The costs of the vaccines against COVID-19 they shoot once the government stops buying them, and Pfizer claims it will charge up to $130 per dose. Only 15% of people in the United States have received the updated recommended booster dose that has been offered since last fall.

Those with private insurance can expect to have to spend out-of-pocket for vaccines, especially if they go to a provider outside of their network, Levitt said. Free in-home trials will also no longer be offered. And hospitals will not collect additional payments for treating COVID-19 patients.

Lawmakers extended for another two years the flexibilities of telehealth that were introduced when the pandemic began, prompting health services across the country to regularly deliver care via smartphone or computer.

The government had already considered ending the emergency declaration last year, but did not do so out of fear of a possible “winter surge” in cases and to give providers, insurers and patients time to prepare for its end.

The officials indicated that the Administration will use the next three months to transition to the conventional health response system, warning that the immediate end of the emergency declaration “would sow confusion and chaos in this critical phase.”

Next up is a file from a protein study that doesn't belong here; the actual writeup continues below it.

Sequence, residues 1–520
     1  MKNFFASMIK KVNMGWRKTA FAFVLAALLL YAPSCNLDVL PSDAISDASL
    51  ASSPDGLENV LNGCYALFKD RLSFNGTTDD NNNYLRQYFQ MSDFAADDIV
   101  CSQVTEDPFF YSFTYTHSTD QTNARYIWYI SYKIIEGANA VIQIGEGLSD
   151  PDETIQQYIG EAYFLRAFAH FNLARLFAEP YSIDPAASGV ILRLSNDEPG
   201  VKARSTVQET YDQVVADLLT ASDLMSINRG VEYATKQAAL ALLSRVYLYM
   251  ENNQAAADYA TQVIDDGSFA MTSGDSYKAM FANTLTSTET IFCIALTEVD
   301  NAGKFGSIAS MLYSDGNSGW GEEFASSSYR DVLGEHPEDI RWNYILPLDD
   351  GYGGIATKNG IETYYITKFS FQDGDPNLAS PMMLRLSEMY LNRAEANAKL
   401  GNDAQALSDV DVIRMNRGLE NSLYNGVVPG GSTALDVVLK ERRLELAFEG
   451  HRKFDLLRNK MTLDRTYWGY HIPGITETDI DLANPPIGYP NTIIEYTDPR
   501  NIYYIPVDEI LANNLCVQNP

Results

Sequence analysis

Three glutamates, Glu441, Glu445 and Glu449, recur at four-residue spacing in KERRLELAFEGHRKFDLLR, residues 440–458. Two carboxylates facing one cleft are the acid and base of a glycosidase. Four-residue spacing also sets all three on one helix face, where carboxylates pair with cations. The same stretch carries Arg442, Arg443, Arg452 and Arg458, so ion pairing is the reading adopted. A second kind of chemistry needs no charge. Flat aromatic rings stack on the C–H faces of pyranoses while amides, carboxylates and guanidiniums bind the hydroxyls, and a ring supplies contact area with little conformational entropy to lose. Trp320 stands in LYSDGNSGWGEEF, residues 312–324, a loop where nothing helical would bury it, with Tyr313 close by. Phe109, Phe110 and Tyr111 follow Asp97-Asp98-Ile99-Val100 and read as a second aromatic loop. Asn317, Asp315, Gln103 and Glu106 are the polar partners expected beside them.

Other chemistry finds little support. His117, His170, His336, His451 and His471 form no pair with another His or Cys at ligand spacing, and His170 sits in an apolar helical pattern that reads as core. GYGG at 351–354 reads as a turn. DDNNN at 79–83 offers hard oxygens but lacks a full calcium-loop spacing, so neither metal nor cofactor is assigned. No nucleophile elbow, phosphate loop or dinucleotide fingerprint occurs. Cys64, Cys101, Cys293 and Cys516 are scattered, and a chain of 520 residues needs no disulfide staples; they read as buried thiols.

[Imágenes satelitales de crematorios y funerarias en China dan indicios del número real de muertes por COVID-19]

“To be clear, the continuation of these emergency declarations through May 11 does not impose any restrictions whatsoever on individual conduct with respect to COVID-19,” the Administration said. “They do not establish mask or vaccine mandates. They do not restrict school or business operations. They do not mandate the use of any drugs or tests in response to COVID-19 cases.”

The case count has continued to decline after a slight rebound over the winter holidays, and is significantly below the levels of the past two years, although the number of tests carried out for the virus and reported to health authorities Public has fallen drastically.

On Monday, the World Health Organization declared that The coronavirus remains a global health emergency, despite the fact that a key advisory group of the agency determined that the pandemic could be approaching a “tipping point” in which higher levels of immunity could reduce virus-related deaths. China, for example, reported an unprecedented increase in December after lifting most of its COVID-19 restrictions.

Shortly before the White House announcement, Rep. Tom Cole, R-Oklahoma, accused the president of needlessly prolonging the public health emergency to take action on issues including the forgiveness of some federal student loan debt.

[La esperanza de vida en EE.UU. baja a 76.4 años y se hunde hasta los niveles de 1996 por el coronavirus y la epidemia de opiáceos]

“The country is largely back to normal,” Cole declared Monday, introducing a Republican-backed bill calling for an end to the health emergency. “Americans are back to work and school with no restrictions on their activities. It is time for the government to recognize this reality: the pandemic is over.”